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Paleo 30 Day Challenge – Story from the Trenches

Crystal before going 'wheels up' on Paleo

It still amazes me that a mere 30 days has the power to totally change the course of your life.

Sure, it takes longer than this to completely shake off the shackles of an outdated mindset and useless beliefs about food and nutrition, not to mention cravings and addiction to processed foods.
But 30 days is definitely long enough to change perceptions and habits and to give you a taste of the success and freedom that comes from pushing the reset button on your body and on your mind.

The word from the trenches is that this strategy is legit, the tactics are sound and when properly planned and implemented this will turn the tide in the battle to look, feel and perform better.

When my husband and I took on the 30-day Paleo Challenge, our mission was to eat real food for one whole month and to completely eliminate any grains, dairy, legumes, sugar and alcohol — essentially any processed foods. For just one month…

Pre-Operation

To be honest, I actually had absolutely no intention of ‘changing my life’.
In my head I always looked the way I look now, it is funny how your mind plays tricks on you when you are desperately trying to ignore what is staring back at you in the mirror.

The 30 day challenge was supposed to be just that…for 30 days.
A brief sneek-and-peek foray into unknown territory, not a full blown campaign to overthrow the old regime.

I had been doing Crossfit for around 8 months and was curious about Paleo principles, even to the point of trading out my lunch sandwich for tins of tuna and mixed beans with salad.
I had been happy with the results but still rejected the idea of completely adopting Paleo.
When my coach, Sonia proposed a 30 day Paleo Challenge for the box, I saw it as a good opportunity to see how far down the rabbit hole I could go.

With my printout of the Whole30 guidelines in hand, I came home from the box and broached the subject of temporarily eliminating our favourite foods with some trepidation.
I thought it would be hard to talk Andrew into doing it with me and I was fully prepared to cook two meals each night if I needed to. He totally surprised me by convincing me that I would be more successful if he was on board too.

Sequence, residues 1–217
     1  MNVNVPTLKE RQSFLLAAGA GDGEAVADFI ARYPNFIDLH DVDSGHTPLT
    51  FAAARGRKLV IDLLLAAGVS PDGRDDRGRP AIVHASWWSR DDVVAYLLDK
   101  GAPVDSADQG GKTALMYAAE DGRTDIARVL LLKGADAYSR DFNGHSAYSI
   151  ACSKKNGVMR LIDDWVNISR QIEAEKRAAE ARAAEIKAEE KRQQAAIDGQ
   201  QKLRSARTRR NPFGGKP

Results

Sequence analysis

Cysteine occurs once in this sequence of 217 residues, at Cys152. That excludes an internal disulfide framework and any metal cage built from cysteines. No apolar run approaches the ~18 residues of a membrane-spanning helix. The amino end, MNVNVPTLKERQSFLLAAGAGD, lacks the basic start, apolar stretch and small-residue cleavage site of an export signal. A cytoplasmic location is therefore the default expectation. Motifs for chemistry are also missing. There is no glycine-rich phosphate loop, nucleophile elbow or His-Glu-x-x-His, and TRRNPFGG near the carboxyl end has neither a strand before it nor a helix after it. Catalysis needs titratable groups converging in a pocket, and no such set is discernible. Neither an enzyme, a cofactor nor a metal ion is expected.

Andrew took the approach of “What have we got to lose by doing this?” …apart from some unwanted body fat.

I had no idea that Andrew was getting to the point where he was was struggling to breathe when he leant over to tie up his shoelaces (because of excess body fat compressing his lungs) and was quietly thinking that something had to change, and soon.

Background Intelligence: Pre 30 Days

Common ‘Ready to Eat Meals’ (MRE’s):

Fresh pasta, chicken & veggie lasagna, supermarket curry sauce with stir-fried veggies on rice, spaghetti bolognese, chicken and bean nachos, BBQ’s, Weetbix with milk, oats or homemade muesli with milk and yoghurt, toast & sandwiches…sometimes toasted sandwiches, beef burgers, quesadillas…

Common Rations:

Stock standard array of veggies including capscium, carrots, zucchini, potato, lettuce, tomatos, cucumber, avocado and mushrooms, chicken breast, beef mince, sausages, frozen oven chippies or wedges, wholegrain bread, burger buns, tortillas, parmesan cheese, cheddar cheese, Lindt chocolate, and a ‘Party Cupboard’ in the kitchen corner containing: chippies, Doritos, Shapes & other crackers and soft drinks for mixers.

Commonly Foraged Food:

Fish and chips, Noodle Box, Pizza, Indian takeaway

Crystal’s Stats:

  • Weighed in at around 83 kgs (estimated) with a bit of a belly despite Crossfit and Kickboxing 3-5 times per week
  • Energy levels that ebbed and flowed and totally wiped out if training two days in a row
  • Slow recovery and always starving the day after training
  • Bloating, eczema and acne on my face, upper arms and calves
  • Oppressive brain fog, vagueness and difficulty making decisions
  • Frequent irritability and nit-picky behaviour with a definite tendency towards pessimism
  • Waking up in the night to go to the toilet at least once, sometimes twice
  • When blood sugar levels dropped from lack of food or if there was not a visible supply of water…be afraid…be very afraid

Andrew’s Stats:

  • Weighed in at around 120 kgs (estimated)
  • Hayfever and Asthma in the springtime (AKA ‘nature boy’ to close family because he seemed to be allergic to the wilderness in general)
  • Contact allergies to grasses, so bushwalking was uncomfortable and forget about picnics or camping
  • Restless leg syndrome and difficulty sleeping
  • High personal standards and expectations for behaviour and communication so was frequently irritable and short with others (AKA ‘the angry man’ to workmates)

1st October 2010 D-Day

A change in mindset is a beautiful thing!